In the last decades, citizen initiatives have become more important for neighbourhood development. This applies as well to sustaining urban green and the (temporary) development of urban food gardening and small parks. Development through citizen initiatives is not a straight-forward task for planners as it means a new way of planning and legitimizing of planning decisions. Although citizen initiative and involvement in planning has gained much attention in planning practice in the last decades, planners still struggle with it. Citizen and entrepreneurial initiators of land-use projects for green and urban farming also have difficulty to understand the process of project approval or denial. Following the analysis of Schatz and Roberts (2016) of an ‘untenable governance ménage à trois’ of relational, participatory and neoliberal planning, it seems that in bottom-up planning three types of planning come together: technocratic, deliberative, and neoliberal. This makes the current struggles of planners and initiators involved in bottom-up spatial planning no surprise. In this paper we explore, based on a literature review, ingredients for a tool that could help professional planners (civil servants) and initiators to better understand each other and the planning process and improve the substantive discussion on land-use initiatives and in this way the accountability, credibility and thus, legitimacy of decision. To come to our list of ingredients, we take inspiration from the work of Mouffe and others who have stressed the conflicting views and interests involved in any policy issue. Taking her ‘agonistic approach’ to policy-making we aim to develop a tool that gives more room to substance in policy making: the different motivations, ambitions and political views of people in planning processes. Following scholars that take the work of Mouffe one step further, we look at concepts of boundary work and boundary objects (Metze, 2010), policy arrangements (Buizer, 2009) and a trading zone approach (Saporito, 2016) to come to a better understanding of, and a practical solution to, how to work with conflicting views in practice on planning process as well as substance. Second, we turn to social psychology and conflict resolution (Illes et al. 2014, Nash et al. 2010) to better understand the conflicts at stake around land-use decisions and to identify productive and counterproductive strategies to work with these conflicts. Third, we take inspiration in business literature to better understand how we can depict conflicting views for land-use and how we can come to a workable and integral concept of how to use a specific plot of land.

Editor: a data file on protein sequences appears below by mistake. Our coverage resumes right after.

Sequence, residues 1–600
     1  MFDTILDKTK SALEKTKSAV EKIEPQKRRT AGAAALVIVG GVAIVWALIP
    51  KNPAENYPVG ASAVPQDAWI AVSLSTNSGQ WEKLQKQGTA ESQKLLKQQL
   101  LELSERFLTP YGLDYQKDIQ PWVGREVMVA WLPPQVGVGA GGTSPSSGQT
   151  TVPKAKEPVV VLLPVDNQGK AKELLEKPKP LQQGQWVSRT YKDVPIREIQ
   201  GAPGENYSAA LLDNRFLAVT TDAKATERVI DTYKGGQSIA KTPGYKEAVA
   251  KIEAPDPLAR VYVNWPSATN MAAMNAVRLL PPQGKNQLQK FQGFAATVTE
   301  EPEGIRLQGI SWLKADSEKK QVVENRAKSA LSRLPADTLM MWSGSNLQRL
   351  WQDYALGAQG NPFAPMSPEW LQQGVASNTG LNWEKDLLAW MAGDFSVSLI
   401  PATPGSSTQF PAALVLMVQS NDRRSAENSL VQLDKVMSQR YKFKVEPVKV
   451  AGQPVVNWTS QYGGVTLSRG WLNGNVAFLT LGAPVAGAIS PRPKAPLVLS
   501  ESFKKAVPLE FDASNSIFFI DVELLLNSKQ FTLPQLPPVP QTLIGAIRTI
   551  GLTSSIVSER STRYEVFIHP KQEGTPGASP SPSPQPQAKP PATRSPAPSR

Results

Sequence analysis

|Number of pages||12|
|Publication status||Published - Nov 2016|
|Event||The Regional Studies Association Winter Conference 2016: New Pressures on Cities and Regions - London, United Kingdom|
Duration: 24 Nov 2016 → 25 Nov 2016
|Conference||The Regional Studies Association Winter Conference 2016|
|Period||24/11/16 → 25/11/16|